The Crisis of Islam: Holy War and Unholy Terror by Bernard Lewis
The City of Mirrors by Justin Cronin
The Doomed City by Arkadii Strugaetiskii
Terminal Lance: The White Donkey by Maximilian Uriarte
Heaven’s Ditch: God, Gold, and Murder on the Erie Canal by Jack Kelly
Clash of Eagles by Alan Smale
The Essential Lewis and Clark by Landon Y. Jones

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2016 Books (First Half)

Each year I end up reading more books compared to the previous year. 2016 is no different. Time management and a clean house have pretty much gone out the window.

2016 First Half Audiobooks
2016 First Half Graphic Novels/Manga

2015 First Half Books
2014 First Half Books

Adult Favorites

rogue not taken fair fight enemy of mine

*The Rogue Not Taken – This was the first Sarah MacLean book I’ve read, and it’s turned her into one of my favorite romance authors. I adore heroines with a strong side of sass and daring-do. And I also like heroes who are a bit assholish, a bit fractured (I think this reflects on my personal issues, but I’ll push the blame onto being married to a slightly off-kilter military guy). This book is in the same vein as A Week to Be Wicked by Tessa Dare – a road trip romance.
*The Fair Fight – It was well-written and well-thought out. The characters felt real within the historical context. They also felt like real people, some likeable, some pitiable, and some detestable. I liked that their endings weren’t necessarily happy ones. Some got what they deserved, some did not.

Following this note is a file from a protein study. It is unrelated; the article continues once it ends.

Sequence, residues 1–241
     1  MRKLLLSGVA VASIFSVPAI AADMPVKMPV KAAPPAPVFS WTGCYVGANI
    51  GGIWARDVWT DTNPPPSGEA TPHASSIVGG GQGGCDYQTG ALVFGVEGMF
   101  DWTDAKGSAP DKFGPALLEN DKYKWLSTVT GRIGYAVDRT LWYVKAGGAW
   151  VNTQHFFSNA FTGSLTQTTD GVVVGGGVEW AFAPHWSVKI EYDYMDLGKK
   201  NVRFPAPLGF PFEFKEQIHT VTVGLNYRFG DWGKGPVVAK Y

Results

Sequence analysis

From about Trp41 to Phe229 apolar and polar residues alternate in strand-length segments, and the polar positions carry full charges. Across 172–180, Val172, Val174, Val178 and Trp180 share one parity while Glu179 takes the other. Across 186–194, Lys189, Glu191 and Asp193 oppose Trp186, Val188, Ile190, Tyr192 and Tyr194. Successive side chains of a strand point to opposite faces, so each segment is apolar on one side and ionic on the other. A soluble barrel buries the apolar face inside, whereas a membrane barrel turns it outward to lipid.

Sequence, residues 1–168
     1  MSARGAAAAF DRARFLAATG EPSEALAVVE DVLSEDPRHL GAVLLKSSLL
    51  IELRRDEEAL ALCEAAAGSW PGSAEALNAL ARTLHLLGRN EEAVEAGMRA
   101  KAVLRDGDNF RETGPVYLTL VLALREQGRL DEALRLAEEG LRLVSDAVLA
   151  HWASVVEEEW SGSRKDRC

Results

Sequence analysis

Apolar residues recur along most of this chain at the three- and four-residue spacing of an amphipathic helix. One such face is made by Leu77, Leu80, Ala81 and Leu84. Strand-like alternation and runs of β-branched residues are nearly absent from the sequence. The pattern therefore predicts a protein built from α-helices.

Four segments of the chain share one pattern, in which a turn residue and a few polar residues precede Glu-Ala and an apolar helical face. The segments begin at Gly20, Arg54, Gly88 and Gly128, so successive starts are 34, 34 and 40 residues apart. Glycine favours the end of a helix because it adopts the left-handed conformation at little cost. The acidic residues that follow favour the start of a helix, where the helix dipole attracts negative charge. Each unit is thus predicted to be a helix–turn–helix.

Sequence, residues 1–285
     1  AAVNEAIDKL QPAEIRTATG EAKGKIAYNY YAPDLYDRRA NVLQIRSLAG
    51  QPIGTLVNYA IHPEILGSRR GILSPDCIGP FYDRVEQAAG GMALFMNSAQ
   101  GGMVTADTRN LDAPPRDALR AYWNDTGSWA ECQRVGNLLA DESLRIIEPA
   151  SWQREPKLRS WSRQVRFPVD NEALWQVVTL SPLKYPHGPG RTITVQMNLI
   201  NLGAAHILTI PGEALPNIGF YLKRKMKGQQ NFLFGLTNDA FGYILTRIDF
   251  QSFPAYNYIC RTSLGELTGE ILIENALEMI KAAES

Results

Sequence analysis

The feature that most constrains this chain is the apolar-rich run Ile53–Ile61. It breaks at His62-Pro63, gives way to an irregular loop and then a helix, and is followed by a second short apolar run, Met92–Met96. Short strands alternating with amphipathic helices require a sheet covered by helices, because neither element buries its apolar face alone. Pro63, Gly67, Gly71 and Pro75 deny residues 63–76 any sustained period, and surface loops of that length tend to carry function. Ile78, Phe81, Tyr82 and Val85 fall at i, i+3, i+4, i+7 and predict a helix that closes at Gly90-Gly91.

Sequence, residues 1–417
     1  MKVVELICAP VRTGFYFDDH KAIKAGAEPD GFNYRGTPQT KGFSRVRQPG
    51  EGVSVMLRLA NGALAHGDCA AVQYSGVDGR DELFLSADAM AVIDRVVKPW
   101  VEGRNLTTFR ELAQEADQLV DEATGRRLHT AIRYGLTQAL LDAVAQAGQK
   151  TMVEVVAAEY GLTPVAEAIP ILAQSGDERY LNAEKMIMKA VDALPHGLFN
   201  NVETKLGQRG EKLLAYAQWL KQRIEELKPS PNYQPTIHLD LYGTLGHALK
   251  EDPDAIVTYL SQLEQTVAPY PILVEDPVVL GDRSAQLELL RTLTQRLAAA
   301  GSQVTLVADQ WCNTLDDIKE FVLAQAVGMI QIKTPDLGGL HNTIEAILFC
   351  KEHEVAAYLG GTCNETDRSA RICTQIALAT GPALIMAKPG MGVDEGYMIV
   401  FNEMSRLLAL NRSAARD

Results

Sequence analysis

*Enemy of Mine – I discovered this while perusing a list of “what to read if you have Outlander withdrawal”. It was a surprisingly good time travel romance; I’ve read it twice so far this year. There were some flaws, but I can generally overlook those if the hook, and writing, are strong enough. The romance wasn’t overly cloying, and I liked that Erva was an intelligent, educated woman, who used her knowledge to help her navigate the past.

Adult Fiction (40)
Lord Dashwood Missed Out
Speakeasy
Bloodsucking Fiends
The Rogue Not Taken
A Rogue by Any Other Name
One Good Earl Deserves Another
Gold Fame Citrus
Accidental Abduction
1001 Dark Nights
Never Judge a Lady by her Cover
The Fair Fight
Pygmalion
Wishing for a Highlander
Enemy of Mine (2x)
Highlander of Mine
Barbarian’s Prize
Miss Bramble and the Leviathan
Werewolf’s Christmas Wish
Driving Mr. Dead
The Care and Feeding of Stray Vampires
I’m Dreaming of an Undead Christmas
Skies of Fire
Not Another Vampire Book
My American Duchess
The Martian
Barbarian’s Mate
Ice Planet Barbarians
The Queen of the Night
Reader Abduction
Sorcerer to the Crown
Bryony & Roses
The Seventh Bride
Dark Alpha’s Claim
The Regional Office is Under Attack!
Eligible
Idol